20 Sep 2015

Come & See Me - Dream Babes & Rock Chicks From Down Under


Reviewed by Nathan Ford

This new collection of New Zealand and Australian recordings of girl groups and rock chicks from Frenzy music (licensed to RPM) is a real eye opener. The down under territories were not progressive places in the sixties, and the releases from these countries that have been given a chance to infiltrate the international reissue market paint a picture of a male dominated industry.

Given this, I was surprised to find that this was a double when it arrived - a particularly full one too with 58 tracks. A certain amount of filler was anticipated then, but compiler Grant Gillander has done a spectacular job here, uprooting all sorts of great things that even as a local myself, I was unaware existed, and am blown away by the quality of. Most of the featured artists are pretty obscure. Even as a New Zealand local I'm unfamiliar with the majority, and those that I do know are usually remembered as somewhat lightweight - although there featured tracks here are uniformly gritty, and there are a number of tracks here that charted highly when released, even if history has tried to erase them from its books since then.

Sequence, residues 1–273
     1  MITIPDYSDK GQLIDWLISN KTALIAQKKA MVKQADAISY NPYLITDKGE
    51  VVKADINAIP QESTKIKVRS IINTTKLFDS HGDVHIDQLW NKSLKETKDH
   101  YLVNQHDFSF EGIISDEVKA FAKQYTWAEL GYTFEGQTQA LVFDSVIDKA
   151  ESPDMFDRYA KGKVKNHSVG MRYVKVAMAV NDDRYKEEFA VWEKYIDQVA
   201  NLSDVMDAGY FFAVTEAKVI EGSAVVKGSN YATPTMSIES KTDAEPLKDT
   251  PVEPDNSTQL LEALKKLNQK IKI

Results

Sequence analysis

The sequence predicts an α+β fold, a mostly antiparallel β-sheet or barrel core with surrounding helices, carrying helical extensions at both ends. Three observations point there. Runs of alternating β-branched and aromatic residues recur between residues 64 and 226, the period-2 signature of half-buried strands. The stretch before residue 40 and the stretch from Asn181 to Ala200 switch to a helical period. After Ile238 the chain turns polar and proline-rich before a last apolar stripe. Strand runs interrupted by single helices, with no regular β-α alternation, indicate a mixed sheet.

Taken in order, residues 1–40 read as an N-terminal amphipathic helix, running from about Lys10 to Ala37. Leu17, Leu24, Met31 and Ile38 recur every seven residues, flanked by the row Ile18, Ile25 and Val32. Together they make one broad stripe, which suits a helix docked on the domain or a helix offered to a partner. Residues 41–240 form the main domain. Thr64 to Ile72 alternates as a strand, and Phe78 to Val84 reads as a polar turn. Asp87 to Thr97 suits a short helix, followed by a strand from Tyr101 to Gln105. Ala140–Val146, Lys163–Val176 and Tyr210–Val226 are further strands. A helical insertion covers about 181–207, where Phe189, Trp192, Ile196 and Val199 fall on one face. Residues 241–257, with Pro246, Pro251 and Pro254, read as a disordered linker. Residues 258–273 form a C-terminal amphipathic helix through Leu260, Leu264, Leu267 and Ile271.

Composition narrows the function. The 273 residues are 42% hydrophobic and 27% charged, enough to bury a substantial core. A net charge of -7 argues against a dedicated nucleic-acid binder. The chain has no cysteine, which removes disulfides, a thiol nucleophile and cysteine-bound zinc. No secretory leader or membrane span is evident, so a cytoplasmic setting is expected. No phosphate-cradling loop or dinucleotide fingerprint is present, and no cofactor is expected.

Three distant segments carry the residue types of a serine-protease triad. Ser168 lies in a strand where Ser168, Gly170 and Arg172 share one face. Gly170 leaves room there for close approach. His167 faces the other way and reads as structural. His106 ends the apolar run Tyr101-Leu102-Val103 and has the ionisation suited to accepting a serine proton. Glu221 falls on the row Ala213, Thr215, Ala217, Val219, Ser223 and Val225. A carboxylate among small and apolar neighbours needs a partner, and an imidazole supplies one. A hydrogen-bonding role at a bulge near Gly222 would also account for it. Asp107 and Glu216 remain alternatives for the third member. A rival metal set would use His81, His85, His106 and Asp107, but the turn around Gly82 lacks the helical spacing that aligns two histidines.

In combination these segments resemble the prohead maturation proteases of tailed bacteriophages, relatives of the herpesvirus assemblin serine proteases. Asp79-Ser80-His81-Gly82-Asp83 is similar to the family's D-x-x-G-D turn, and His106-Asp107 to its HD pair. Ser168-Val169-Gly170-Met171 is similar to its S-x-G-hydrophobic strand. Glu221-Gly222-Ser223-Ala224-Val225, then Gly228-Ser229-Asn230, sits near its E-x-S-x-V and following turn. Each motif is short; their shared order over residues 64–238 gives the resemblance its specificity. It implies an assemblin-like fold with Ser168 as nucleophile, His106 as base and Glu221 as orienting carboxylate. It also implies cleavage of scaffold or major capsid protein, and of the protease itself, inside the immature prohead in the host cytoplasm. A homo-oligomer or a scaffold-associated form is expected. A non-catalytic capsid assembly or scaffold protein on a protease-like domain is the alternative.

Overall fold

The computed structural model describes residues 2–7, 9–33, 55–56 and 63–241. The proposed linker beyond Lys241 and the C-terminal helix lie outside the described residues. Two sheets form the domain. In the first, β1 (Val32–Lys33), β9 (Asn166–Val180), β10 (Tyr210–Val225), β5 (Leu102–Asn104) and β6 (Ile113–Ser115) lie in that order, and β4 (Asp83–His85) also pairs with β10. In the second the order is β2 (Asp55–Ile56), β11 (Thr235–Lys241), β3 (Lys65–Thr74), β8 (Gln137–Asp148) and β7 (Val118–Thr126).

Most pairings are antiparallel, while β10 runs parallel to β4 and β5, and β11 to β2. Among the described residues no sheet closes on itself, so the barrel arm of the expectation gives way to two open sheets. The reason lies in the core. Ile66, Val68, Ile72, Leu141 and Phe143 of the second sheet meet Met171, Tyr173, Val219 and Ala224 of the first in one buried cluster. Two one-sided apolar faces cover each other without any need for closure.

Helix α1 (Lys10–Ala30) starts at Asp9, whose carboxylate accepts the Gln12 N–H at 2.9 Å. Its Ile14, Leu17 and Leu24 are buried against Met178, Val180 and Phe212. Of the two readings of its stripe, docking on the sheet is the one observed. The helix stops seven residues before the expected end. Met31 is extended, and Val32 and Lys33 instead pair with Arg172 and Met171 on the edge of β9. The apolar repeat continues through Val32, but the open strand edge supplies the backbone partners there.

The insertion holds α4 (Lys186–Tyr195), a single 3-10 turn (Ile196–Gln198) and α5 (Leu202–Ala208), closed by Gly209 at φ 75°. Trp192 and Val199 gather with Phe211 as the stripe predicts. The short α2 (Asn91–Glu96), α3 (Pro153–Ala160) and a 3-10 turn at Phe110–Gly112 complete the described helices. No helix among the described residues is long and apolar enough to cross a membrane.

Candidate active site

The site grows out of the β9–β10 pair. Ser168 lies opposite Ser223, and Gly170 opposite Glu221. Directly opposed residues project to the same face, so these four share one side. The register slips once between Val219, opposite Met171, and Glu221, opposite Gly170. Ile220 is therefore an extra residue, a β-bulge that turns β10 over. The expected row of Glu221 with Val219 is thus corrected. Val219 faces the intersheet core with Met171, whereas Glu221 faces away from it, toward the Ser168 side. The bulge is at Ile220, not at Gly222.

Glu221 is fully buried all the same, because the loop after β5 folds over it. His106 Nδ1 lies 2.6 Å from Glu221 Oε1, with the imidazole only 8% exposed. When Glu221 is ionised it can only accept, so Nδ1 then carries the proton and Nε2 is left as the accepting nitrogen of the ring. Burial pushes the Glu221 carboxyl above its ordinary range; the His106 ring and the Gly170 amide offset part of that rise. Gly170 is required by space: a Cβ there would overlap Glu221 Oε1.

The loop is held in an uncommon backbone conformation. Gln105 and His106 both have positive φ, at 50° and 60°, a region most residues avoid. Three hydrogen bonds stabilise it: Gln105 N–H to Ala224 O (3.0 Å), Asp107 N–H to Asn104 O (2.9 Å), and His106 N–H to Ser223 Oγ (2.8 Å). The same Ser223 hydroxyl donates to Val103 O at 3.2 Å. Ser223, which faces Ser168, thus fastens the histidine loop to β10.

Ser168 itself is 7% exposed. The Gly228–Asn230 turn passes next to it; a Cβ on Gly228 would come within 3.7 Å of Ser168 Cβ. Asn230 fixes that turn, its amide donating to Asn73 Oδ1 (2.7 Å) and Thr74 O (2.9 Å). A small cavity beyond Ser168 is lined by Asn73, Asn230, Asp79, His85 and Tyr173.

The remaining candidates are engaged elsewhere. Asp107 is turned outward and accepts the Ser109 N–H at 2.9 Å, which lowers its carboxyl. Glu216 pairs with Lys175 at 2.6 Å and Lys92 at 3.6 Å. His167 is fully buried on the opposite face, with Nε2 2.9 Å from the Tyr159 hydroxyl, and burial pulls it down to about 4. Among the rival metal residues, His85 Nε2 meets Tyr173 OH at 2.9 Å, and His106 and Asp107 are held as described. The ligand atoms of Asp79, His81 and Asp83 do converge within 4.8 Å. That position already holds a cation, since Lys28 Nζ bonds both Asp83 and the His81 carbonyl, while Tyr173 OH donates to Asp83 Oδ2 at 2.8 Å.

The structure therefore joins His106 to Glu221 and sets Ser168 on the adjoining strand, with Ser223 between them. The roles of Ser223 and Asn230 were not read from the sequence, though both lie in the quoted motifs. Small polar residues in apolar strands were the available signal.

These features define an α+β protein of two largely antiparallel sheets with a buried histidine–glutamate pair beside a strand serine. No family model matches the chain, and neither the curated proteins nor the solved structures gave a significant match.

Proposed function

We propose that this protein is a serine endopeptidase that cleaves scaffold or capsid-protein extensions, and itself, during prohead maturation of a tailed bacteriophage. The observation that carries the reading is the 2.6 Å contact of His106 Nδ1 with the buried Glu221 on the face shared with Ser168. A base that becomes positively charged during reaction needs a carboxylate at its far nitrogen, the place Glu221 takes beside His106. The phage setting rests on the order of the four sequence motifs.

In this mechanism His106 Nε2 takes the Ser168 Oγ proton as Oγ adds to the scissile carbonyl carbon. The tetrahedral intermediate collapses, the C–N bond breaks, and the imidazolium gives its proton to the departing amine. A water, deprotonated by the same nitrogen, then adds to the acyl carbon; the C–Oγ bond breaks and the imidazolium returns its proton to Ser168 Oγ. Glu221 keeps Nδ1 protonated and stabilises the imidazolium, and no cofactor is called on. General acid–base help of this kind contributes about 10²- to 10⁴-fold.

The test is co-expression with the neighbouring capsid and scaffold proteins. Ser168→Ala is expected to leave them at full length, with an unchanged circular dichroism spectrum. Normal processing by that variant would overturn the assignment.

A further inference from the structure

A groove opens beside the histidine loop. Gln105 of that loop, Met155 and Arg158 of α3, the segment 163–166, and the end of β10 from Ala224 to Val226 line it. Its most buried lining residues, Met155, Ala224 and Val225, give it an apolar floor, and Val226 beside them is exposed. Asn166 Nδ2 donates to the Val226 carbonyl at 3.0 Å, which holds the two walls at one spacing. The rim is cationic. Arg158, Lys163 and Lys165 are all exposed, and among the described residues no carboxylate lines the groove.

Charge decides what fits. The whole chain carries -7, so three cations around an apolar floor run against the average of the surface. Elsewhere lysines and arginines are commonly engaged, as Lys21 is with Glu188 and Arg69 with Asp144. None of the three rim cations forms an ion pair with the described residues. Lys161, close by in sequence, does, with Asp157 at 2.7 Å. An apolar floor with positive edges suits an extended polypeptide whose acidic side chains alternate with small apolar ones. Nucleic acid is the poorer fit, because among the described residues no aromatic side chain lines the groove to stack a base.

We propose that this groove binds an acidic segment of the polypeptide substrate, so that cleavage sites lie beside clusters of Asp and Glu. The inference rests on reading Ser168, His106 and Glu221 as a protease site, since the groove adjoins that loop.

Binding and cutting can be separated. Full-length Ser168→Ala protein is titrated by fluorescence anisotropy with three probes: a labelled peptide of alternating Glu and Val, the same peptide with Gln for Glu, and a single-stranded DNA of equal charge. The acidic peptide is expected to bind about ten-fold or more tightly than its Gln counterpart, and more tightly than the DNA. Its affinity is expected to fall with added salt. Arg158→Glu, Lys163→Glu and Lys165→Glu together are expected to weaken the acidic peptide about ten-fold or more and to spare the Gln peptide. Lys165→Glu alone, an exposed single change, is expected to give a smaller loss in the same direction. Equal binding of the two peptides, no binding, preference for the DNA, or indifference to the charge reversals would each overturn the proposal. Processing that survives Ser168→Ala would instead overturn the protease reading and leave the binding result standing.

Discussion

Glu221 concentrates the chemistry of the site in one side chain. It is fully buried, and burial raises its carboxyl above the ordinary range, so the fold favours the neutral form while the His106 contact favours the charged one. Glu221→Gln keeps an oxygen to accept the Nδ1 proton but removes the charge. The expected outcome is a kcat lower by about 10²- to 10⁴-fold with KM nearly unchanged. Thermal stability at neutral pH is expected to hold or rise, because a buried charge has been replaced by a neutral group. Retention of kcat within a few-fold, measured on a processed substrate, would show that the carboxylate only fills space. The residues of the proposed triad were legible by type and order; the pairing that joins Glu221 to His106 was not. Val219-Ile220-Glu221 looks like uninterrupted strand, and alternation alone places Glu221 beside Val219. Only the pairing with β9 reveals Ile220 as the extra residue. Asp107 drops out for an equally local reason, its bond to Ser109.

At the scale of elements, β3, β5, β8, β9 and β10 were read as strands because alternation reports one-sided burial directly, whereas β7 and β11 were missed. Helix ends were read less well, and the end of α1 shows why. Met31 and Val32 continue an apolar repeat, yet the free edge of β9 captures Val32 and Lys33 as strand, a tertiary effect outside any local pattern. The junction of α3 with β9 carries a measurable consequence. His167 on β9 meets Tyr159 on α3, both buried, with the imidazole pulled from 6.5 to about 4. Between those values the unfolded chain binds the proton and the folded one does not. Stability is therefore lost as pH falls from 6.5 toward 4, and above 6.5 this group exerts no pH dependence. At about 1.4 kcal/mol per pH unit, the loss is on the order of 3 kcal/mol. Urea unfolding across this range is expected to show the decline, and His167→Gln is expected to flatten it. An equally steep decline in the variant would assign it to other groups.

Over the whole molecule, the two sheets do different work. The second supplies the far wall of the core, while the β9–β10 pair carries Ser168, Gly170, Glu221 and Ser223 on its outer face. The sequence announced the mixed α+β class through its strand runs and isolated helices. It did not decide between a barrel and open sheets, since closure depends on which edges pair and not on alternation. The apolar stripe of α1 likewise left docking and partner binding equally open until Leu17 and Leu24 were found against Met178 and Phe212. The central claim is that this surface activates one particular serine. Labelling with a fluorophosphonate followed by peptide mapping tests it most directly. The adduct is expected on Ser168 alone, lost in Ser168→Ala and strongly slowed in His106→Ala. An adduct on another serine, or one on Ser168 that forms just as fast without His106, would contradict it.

"Come & See Me" is partly educational then. After listening to this, you'll certainly be convinced that there was a very strong female component to the Australasian music scene of the sixties. But it's also one of the most entertaining history lessons you'll ever have, with a diverse and gritty mixture of beat, mod, northern soul, and hippie psych, all embellished with the sorts of era-appropriate trimmings that will have crate-digging 45 hunters reaching for their wallets with haste.

It's not all unknown outside of these territories either: the Chicks' "Rebel Kind" was recently unearthed and given lead billing on Ace Record's latest entry in their beaty "Girls With Guitars" series, and in all honesty, it's one of the tamer beat tracks to be found on "Come & See Me", and no competition for the facemelting freakbeat guitars on the Clevedonaires "He's Ready" - wow.

Elsewhere, Liverpool import Sandy Edmonds supplies a great version of Jackie DeShannon's "When You Walk In The Room" which was a deserved hit at the time (and still sounds great now), and the Field Twins' "Someone Cares For Me" sounds like the Shangri-La's as a garage band, while Lynne Randell's "Stranger in my Arms" is the greatest northern soul anthem you've never heard. And we're not even half way through the first disc at this point.....

The bangers keep coming, and there's not a single moment over these two and a half hours that allows the attention to wander. Absolutely essential.

Get it here!


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